I remember being married. It was a rollercoaster. Some years were better than others. Some months great, others awful. One week might be wonderful, the next is filled with arguments and anger and contemplation that perhaps you married the wrong person and maybe even your marriage is over. But you forge ahead and make it work because that's all you can do. And it gets better again, things eventually settle into okay and sometimes you even find yourself falling in love with your spouse again... What I realized is that I have been viewing divorce as the antidote to a diseased relationship, the end of feeling numb and terrible as a result of unhealthy interactions with this person. And it was that in a lot of ways, but in many other ways, my divorced relationship with my ex is no different than our married relationship. We're still going to have those good months and we're still going to experience the bad ones. We can still press each other's buttons in all the ways that led to the end of our marriage and all we can do is breathe, try to get perspective, and forge onward. What's the alternative? Hateful, childish assholes who talk shit about each other to our kids and make them uncomfortable when we're in the same room together? Not an option. This man is the father of my beautiful children, a member of my family. Families have disagreements and sometimes fight viciously. There has to be an acceptance of the notion that we are still family in conjunction with acknowledgment that we will always piss each other off, as people in complicated relationships do, and it's not the end of the world. It's fucking hard. But, the mind-blowing realization is that it's not any harder than being married, it's just hard for different reasons.

The notion that the divorce difficulties I'm dealing with now and the ones I'm facing down the road are no more complicated or challenging than the low moments of marriage is comforting, for some reason.

Because guess what? What divorce DOES do with time is make you less reliant on that person for your well-being. If you do divorce right and take some time for you, you learn to turn to yourself for strength and discover who you really are and what's important to you. And, in the process, you fall in love with yourself.

I LOVE MYSELF. The most ruthless battle cry there ever was.

As time goes on the little stuff doesn't faze you anymore and then the big stuff stops affecting you so much. You learn to let go of the things about your ex that upset you because you CAN walk away. You can hold your tongue, smile, say goodbye and go home, sit on your couch and turn on your Netflix and watch whatever the fuck you want while eating Doritos in your underwear with nobody there to judge you. And that, my friends, is one of the most beautiful things in the world.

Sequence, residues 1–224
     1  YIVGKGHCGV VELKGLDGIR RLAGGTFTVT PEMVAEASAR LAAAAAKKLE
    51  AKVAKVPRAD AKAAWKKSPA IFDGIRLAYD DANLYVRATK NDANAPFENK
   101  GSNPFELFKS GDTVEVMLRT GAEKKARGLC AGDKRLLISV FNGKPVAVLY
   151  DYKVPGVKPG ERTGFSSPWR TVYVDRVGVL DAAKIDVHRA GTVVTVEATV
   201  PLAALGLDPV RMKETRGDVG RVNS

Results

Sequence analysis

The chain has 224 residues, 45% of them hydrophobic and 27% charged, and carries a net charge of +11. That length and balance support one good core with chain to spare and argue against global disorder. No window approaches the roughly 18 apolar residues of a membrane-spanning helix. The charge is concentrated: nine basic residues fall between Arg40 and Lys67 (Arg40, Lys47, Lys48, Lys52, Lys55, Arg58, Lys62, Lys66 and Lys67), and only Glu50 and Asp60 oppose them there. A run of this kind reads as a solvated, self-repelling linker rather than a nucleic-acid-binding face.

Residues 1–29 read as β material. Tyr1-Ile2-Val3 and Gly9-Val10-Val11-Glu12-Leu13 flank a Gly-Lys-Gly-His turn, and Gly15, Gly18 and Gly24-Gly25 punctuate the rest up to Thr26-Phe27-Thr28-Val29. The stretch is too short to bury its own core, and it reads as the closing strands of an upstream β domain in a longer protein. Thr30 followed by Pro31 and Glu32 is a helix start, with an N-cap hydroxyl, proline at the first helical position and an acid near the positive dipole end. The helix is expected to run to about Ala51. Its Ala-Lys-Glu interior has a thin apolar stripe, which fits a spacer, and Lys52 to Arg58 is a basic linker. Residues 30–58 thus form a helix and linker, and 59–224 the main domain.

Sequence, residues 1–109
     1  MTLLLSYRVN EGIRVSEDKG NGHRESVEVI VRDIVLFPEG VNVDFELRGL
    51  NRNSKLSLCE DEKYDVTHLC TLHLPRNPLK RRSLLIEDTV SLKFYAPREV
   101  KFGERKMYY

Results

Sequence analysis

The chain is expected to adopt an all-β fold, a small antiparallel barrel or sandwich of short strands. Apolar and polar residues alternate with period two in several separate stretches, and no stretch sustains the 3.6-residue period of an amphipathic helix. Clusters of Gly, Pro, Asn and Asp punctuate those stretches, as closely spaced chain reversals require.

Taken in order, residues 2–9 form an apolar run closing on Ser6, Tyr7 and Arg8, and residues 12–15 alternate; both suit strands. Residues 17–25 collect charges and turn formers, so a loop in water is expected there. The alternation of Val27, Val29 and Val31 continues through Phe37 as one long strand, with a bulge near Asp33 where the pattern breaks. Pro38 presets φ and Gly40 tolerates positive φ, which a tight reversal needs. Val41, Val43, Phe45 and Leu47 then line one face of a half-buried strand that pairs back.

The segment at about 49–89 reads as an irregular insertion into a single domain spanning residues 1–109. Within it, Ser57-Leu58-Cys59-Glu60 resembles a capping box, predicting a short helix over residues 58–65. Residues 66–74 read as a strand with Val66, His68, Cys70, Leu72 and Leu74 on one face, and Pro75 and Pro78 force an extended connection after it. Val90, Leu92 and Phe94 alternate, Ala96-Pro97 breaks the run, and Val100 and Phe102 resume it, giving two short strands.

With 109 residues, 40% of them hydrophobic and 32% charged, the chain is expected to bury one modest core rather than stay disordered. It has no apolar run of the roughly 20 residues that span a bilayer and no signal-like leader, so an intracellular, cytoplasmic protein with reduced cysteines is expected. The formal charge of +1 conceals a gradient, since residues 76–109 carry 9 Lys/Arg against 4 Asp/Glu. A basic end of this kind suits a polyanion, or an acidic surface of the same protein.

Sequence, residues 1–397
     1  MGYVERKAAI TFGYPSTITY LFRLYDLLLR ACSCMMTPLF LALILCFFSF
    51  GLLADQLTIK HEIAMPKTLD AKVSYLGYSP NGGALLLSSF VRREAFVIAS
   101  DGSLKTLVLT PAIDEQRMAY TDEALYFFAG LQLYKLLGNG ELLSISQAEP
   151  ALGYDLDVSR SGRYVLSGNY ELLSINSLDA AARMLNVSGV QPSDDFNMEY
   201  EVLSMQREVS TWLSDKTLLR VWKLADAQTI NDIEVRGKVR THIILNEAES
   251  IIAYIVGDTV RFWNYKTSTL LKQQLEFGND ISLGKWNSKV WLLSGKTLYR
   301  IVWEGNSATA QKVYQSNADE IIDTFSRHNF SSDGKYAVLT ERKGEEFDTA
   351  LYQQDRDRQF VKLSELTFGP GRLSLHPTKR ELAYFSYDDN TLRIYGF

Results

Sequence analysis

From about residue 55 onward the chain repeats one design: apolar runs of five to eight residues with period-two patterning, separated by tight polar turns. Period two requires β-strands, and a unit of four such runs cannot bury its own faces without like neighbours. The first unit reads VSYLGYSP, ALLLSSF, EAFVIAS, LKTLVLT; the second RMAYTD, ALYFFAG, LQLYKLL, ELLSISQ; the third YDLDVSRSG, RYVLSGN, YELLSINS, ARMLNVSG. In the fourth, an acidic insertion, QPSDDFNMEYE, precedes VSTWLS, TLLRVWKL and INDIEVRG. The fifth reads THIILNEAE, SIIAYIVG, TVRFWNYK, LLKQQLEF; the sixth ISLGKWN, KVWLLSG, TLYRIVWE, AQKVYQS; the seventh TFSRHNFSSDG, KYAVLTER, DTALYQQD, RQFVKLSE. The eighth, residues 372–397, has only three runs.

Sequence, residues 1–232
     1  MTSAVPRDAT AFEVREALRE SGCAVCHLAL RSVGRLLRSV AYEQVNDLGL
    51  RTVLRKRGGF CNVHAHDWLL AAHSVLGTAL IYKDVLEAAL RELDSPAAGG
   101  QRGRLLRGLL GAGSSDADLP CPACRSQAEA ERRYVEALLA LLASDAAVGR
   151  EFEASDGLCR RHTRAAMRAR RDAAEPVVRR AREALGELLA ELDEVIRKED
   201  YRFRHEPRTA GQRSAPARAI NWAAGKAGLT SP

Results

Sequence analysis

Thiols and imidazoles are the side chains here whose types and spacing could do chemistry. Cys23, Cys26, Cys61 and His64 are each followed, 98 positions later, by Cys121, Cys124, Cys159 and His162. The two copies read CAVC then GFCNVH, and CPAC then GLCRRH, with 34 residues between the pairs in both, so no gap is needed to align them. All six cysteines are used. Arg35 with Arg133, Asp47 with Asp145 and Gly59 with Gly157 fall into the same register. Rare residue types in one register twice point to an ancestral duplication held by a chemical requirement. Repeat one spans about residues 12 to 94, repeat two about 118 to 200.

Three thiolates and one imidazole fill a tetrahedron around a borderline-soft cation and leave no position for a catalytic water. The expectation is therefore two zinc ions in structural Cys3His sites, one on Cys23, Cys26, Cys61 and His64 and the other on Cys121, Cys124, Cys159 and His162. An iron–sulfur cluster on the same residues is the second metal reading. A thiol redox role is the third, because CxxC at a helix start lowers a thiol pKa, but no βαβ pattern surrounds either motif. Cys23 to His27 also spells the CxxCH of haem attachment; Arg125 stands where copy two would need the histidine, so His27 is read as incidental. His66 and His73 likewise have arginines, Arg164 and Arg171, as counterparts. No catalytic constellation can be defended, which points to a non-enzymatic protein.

A photo posted by Monica (@monicabielanko) on


Hall of Infamy

Like a recovering alcoholic making amends, I'd like to be cool with everyone in my life. No animosity, anger or flashes of rage at the thought of someone who once starred, or even guest-starred in just a few episodes, in the HBO series that is my life.

It's a nice notion, isn't it? Equanimity at the thought of anyone and everyone you've ever interacted with. Positive resolution for every not-so-great encounter or soured relationship you've experienced. Think how much mental energy that would free up! All the fucked up thoughts and feelings and rage and anger and regret and sadness and despair and martyrdom I impose on myself as a result of interactions and relationships that went bad somehow... GONE. Hell, half the people taking up real estate in that swampy acreage of my brain don't even know it, they're just out there trying to live their own lives, completely unaware I'm expending valuable mental energy on them.

There's this fucked up hall of fame up in my head where I've thumb-tacked 8X10 glossies of Those Who Have Wronged Monica. Here we have my dad, there we have a failed friendship from childhood that languished into adulthood when it probably should've ended in junior high. Oh look! Another "friend" from high school who began messaging my ex during our divorce. This guy over here is the ex-boyfriend from college who is a dick to me 20 years later; I obviously occupy valuable real estate in his Hall of Infamy. There's the guy who convinced me to fall in love with him then bounced in the unkindest of ways. There's the alleged "lifer" friend who wasn't around when I needed him most. That pretty girl over there is a potential friend who ended up being more interested in my ex-husband than me. There's that one guy at work, the secret sabotager...

I wonder what the size of my Hall of Infamy says about me or do we all have a sizable one just by the very nature of living life and having families and friends and relationships?